IDC Financial Insights today unveiled a list of 10 fast growing fintechs in India as part of the broader IDC FinTech 101 list for Asia/Pacific. IDC’s “FinTech Fast 101” refers to the fast-growing fintech players in Asia/Pacific based on extensive on-ground analysis of the dominant fintech players within the region.
IDC’s fintech list makes a reference to the Financial Insights’ Triple U framework – ubiquity, utility, and usability. This is a framework that evaluates fintech data across key metrics such as addressable market, customer adoption, investments, chance of survival, innovation, and marketing. IDC Financial Insights believes that newer categories of fintechs are gaining traction, including those focused on digital identity and authentication, blockchain, cryptocurrencies, robo-advisory, credit analytics and scoring, and usage-based insurance.
Michael Araneta, Associate Vice President for IDC Financial Insights remarked, “Improving financial inclusion has long remained a crucial initiative in India and the Indian Government has been probably the most aggressive among all other markets in achieving the goal of bringing the population to the formal financial services sector.” IDC mentioned specific initiatives like Aadhaar (biometrics-based unique identity number for all residents), Pradhan MantriJan-Dhan Yojana (national mission to ensure access to financial services), and UPI (unified payments interface).
Araneta continues, “Fintechs, who are targeting the unbanked or the underbanked segment to improve the financial access have experienced a phenomenal growth in the last three years in terms of customer adoption, number of start-ups incorporated, and value of investments. 2018 will be the year of sustaining that growth.” Araneta also pointed to a new level of commitment from traditional financial services institutions towards collaborating and partnering with fintech or investing in them to build their own innovation capabilities. This is quite an improvement from how traditional players initially viewed fintech as disruptors and threats to financial services.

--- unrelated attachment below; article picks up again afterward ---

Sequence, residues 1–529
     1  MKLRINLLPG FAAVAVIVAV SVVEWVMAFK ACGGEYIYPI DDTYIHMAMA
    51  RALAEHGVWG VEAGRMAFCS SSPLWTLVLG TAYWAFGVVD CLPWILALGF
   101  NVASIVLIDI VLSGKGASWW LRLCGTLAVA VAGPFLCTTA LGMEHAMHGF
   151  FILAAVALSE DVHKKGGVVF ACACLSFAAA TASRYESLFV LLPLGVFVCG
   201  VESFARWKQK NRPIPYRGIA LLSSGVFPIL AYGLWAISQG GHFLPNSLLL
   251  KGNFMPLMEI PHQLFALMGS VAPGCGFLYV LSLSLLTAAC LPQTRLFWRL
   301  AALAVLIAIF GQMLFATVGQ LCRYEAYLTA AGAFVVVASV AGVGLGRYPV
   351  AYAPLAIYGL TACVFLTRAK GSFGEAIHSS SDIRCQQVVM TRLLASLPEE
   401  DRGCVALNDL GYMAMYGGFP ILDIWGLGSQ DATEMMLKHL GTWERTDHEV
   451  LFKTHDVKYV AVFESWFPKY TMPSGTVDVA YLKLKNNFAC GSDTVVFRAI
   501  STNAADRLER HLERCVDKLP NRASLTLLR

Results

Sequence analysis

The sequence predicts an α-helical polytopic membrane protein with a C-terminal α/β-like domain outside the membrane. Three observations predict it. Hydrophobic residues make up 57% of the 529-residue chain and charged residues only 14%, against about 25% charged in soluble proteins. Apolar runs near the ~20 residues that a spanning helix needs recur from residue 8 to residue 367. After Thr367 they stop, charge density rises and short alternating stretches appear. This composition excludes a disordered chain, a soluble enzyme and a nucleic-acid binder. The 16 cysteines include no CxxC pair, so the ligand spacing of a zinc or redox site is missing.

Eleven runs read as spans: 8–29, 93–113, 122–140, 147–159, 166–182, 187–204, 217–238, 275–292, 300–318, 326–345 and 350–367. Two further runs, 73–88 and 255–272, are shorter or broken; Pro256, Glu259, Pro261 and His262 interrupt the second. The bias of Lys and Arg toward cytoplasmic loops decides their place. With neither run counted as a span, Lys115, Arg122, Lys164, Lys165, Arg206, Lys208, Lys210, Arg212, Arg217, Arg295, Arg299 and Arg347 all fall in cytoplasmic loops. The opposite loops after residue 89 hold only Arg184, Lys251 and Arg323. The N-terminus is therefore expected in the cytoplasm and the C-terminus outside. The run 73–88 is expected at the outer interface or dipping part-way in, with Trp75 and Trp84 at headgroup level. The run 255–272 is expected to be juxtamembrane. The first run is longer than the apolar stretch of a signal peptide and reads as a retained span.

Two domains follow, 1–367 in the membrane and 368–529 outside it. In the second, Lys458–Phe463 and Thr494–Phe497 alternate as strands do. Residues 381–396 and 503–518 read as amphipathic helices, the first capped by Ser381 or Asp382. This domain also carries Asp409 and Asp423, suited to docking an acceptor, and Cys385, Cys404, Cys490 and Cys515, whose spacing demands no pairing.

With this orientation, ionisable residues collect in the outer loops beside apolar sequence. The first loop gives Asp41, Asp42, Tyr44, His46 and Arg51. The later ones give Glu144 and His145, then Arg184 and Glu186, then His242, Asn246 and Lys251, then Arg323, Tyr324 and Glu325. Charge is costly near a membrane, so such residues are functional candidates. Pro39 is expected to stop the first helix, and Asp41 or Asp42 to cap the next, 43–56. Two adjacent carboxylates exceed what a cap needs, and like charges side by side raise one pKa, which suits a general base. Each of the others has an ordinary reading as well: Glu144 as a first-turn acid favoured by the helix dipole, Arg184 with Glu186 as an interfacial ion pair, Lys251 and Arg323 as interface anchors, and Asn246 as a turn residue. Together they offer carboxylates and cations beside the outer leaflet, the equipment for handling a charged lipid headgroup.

Arpita Mitra, Senior Research Manager for IDC Financial Insights, says “The demonetization policy was an important push towards creating a cashless society and concurrently, resulting in a thriving mobile payments market, including remittance, money transfers, and peer-to-peer payments. We are also seeing these payment players expanding into m-commerce as a viable growth strategy. The disruption is also visible in lending, wealth management, and marketplace and aggregators.”
Furthermore, lending fintechs have a huge market opportunity – the potential of servicing more than 50 million SMEs, whose financing requirements have been inadequately met by banks on account of collateral obligations.” IDC states that recent regulations and guidelines related to digital payments and KYC/AML practices have been encouraging as they have built more clarity to market participants, and further strengthened the strategic intent of these players. While the effect of regulations for P2P marketplaces is yet to be seen fully, the new regulation is likely to act as a catalyst towards creating trust and confidence between the investors and borrowers.
“Fintechs in India have been successful locally, but they now need to focus on growth in the rest of Asia and eventually, the world. IDC Financial Insights expects that 2018 will be a banner year for Asia/Pacific FinTech to regionalize – similar to the journey of Alipay and Grab – and the ones who do will be able to achieve scale and ubiquity,” adds Araneta.
The FinTech Fast 101 list is published as part of IDC Financial Insights’ 2017 fintech report series, which helps investment groups, financial services institutions, and technology players in understanding the fintech landscape and identify potential fintech players for investment and collaboration. For this research, IDC’s definition intentionally excludes licensed banks and other licensed financial institutions that are using new technologies to radically change financial services, even to the point of launching their own fintech companies and brands. The idea is to look at the fintech players outside of traditional services.